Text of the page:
Totem Acoustic Forest loudspeaker Follow-Up, September 2005
One of the problems with a magazine like Stereophile, whose review focus is of necessity on the new, is that long-standing, well-designed models can get short shrift. We do try to give second and even third listens to products that have impressed us in the past, but even then, much of quality can get overlooked. So when Totem Acoustic's Lucy Lentini suggested at the 2004 CEDIA Expo that it was high time I gave room in my home to a pair of the Canadian manufacturer's Forest speakers, which Larry Greenhill had raved about in our April 2001 issue, I had no choice but to say yes.
The floorstanding Forest cost $3000/pair when it was reviewed four years ago, and its price has increased by just $195/pair in that time. Commendable. It combines a 1" aluminum-dome tweeter from SEAS with an Acoustic Technology International 6.5" midrange/bass driver, both mounted in a 3'-tall cabinet less than a foot wide and a foot deep. The woofer is reflex-loaded with a 1.35"-diameter port on the cabinet's rear. A second hole near the base allows the lower part of the cabinet to be filled with sand. I auditioned the speaker on and off for about seven months, using the Totem Claws, which support the speaker on three ball bearings.
My system comprised my long-term reference amplifiers, Mark Levinson No.33H monoblocks, hooked up to the Forests with AudioQuest's battery-polarized Kilimanjaro speaker cable (the smoothest-sounding cables I have ever used, but don't ask to me to explain why). Preamp was the new Mark Levinson No.326S, connected to the power amps with 15' runs of Madrigal CZ Gel-1 balanced interconnects. Digital source was either a Mark Levinson No.31.5 CD transport or a Technics DVD-A10 DVD player, hooked up to my No.30.6 D/A processor via Kimber Kable Orchid AES/EBU or AudioQuest SVD-4 S/PDIF datalinks, respectively. The No.30.6 was connected to the preamp with balanced 1m lengths of AudioQuest Cheetah. I also used my Apple PowerBook to play back uncompressed 16-bit AIF files via an Apple AirPort feeding the Levinson DAC. And for a regrettably brief period of time I used the sample of Ayre's new C-5xe universal player that Wes Phillips reviewed for Stereophile in July.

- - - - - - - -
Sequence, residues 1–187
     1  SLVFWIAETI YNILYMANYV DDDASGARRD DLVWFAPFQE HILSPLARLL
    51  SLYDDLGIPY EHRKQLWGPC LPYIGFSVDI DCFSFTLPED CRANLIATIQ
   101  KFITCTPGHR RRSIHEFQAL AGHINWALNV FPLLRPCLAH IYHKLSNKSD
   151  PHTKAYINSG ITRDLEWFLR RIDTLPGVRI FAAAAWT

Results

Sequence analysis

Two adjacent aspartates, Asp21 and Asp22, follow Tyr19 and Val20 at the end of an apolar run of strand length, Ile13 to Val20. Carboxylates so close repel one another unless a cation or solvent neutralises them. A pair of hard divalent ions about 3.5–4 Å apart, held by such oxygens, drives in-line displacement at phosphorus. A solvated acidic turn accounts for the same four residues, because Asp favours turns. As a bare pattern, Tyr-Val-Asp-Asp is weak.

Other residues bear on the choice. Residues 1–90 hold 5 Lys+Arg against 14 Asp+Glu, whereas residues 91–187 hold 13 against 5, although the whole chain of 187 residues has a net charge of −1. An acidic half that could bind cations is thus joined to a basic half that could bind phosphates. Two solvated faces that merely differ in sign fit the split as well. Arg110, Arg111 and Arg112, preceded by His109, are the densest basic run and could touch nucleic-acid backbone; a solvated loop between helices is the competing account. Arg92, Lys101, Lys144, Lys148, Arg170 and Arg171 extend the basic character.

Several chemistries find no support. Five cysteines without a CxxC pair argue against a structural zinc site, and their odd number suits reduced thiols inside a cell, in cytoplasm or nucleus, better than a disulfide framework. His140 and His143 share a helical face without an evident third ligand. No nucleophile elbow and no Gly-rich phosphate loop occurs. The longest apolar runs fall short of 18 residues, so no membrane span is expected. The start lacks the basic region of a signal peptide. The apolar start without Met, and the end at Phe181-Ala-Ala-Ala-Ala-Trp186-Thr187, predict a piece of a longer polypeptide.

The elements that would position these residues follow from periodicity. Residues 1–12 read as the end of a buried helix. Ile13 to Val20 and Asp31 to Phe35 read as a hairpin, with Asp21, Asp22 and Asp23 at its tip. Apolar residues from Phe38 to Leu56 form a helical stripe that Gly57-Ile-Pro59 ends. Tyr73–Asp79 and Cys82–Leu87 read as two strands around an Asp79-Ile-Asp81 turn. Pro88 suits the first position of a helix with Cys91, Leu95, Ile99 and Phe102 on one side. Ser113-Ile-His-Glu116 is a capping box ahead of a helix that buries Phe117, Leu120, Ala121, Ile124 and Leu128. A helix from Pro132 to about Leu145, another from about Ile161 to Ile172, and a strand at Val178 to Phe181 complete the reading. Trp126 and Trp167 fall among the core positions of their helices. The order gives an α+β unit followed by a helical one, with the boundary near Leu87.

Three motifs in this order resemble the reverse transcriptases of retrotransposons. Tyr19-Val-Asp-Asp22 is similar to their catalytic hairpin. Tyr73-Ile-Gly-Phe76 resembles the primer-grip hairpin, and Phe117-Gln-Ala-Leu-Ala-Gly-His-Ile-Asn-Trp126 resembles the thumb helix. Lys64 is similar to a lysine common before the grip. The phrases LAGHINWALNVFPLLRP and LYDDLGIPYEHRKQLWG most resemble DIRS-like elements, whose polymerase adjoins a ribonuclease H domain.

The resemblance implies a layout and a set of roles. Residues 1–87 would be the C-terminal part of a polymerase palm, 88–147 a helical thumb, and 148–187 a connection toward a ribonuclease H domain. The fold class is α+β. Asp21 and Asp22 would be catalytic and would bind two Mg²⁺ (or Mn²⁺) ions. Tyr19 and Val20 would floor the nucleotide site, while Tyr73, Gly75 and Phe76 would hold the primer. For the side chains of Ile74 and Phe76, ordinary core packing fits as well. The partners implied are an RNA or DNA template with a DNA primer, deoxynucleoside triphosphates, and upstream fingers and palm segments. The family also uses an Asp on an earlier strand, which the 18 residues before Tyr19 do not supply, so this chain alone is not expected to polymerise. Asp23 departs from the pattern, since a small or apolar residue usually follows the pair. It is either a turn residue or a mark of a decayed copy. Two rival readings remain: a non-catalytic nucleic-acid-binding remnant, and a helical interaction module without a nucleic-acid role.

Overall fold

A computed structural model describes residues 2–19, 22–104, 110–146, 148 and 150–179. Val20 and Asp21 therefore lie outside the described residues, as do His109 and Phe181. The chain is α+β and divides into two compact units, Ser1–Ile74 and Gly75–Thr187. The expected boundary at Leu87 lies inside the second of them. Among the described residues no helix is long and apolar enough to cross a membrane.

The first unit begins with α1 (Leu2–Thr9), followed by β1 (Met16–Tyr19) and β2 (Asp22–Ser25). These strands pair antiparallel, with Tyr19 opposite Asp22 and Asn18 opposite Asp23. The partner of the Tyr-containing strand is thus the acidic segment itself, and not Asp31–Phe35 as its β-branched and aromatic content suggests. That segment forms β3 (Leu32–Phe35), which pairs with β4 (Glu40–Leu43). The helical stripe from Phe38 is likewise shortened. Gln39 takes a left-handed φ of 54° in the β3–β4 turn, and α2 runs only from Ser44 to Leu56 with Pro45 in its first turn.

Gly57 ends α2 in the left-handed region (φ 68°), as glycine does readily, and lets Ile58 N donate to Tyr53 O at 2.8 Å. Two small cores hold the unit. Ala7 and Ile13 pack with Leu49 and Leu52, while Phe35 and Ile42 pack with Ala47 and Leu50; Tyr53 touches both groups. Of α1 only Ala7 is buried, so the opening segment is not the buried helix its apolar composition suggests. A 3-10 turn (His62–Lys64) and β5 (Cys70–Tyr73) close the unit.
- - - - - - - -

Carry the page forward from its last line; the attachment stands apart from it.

Among Larry Greenhill's positive comments in April 2001, I noted the following: "The Forest's highs were transparent and beguiling, with no brightness, steeliness, or metallic edge. The Forest's dynamics were remarkable. . . . I can't think of any other speakers for $3000 or less that image as well." To which, back then, I had added the conjecture, based on my measurements, that "This speaker should be decidedly easy on the ear."
Listening to Ivo Janssen's exploration of Bach's English Suites on piano (CD, Nederland Bach Collegium VOID 9806), I must confess that at first I had nothing to add to LG's summary. Putting on the G-minor fugue that opens Suite 3, a favorite of mine for more than 30 years, I could hear a stable piano image well defined between the speaker positions. The sound of the piano was uncolored, and yes, there was a beguiling ease to the high frequencies.